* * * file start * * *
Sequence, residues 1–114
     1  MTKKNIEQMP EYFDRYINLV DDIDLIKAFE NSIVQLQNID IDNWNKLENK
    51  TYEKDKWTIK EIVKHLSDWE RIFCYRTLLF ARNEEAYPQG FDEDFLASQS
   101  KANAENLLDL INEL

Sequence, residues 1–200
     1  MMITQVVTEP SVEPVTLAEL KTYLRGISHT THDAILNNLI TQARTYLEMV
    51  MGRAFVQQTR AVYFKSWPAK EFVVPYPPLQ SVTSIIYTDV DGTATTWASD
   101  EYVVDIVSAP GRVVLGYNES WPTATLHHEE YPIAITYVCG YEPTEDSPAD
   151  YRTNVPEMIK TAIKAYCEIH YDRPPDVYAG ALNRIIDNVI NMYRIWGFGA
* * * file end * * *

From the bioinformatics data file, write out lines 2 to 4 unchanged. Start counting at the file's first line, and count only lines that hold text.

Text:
     1  MTKKNIEQMP EYFDRYINLV DDIDLIKAFE NSIVQLQNID IDNWNKLENK
    51  TYEKDKWTIK EIVKHLSDWE RIFCYRTLLF ARNEEAYPQG FDEDFLASQS
   101  KANAENLLDL INEL